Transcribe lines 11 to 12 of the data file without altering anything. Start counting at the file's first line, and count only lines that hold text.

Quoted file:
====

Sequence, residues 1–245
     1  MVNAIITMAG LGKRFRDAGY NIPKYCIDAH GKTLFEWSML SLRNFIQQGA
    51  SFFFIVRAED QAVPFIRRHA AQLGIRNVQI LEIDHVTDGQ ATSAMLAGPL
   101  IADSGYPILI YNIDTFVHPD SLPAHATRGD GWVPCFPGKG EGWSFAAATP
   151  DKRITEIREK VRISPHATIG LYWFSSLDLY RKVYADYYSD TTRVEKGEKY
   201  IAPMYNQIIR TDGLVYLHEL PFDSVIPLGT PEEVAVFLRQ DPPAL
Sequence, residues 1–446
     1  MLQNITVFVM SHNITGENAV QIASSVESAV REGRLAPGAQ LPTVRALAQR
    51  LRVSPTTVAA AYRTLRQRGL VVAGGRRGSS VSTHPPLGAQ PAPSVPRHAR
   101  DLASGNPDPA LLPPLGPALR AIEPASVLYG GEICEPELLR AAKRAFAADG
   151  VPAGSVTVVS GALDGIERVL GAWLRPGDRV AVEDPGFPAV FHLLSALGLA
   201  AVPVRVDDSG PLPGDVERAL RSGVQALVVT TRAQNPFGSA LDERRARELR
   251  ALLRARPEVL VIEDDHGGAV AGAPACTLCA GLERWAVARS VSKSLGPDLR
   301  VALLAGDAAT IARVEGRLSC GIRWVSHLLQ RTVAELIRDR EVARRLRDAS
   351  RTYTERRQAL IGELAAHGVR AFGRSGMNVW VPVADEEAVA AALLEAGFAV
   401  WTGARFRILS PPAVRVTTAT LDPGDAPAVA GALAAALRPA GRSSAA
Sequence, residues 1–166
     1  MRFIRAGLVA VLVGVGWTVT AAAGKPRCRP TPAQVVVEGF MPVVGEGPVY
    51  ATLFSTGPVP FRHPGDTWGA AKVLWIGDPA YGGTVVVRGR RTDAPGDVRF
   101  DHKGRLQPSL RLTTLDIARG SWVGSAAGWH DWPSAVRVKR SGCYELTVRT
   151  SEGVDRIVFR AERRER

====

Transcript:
   151  VPAGSVTVVS GALDGIERVL GAWLRPGDRV AVEDPGFPAV FHLLSALGLA
   201  AVPVRVDDSG PLPGDVERAL RSGVQALVVT TRAQNPFGSA LDERRARELR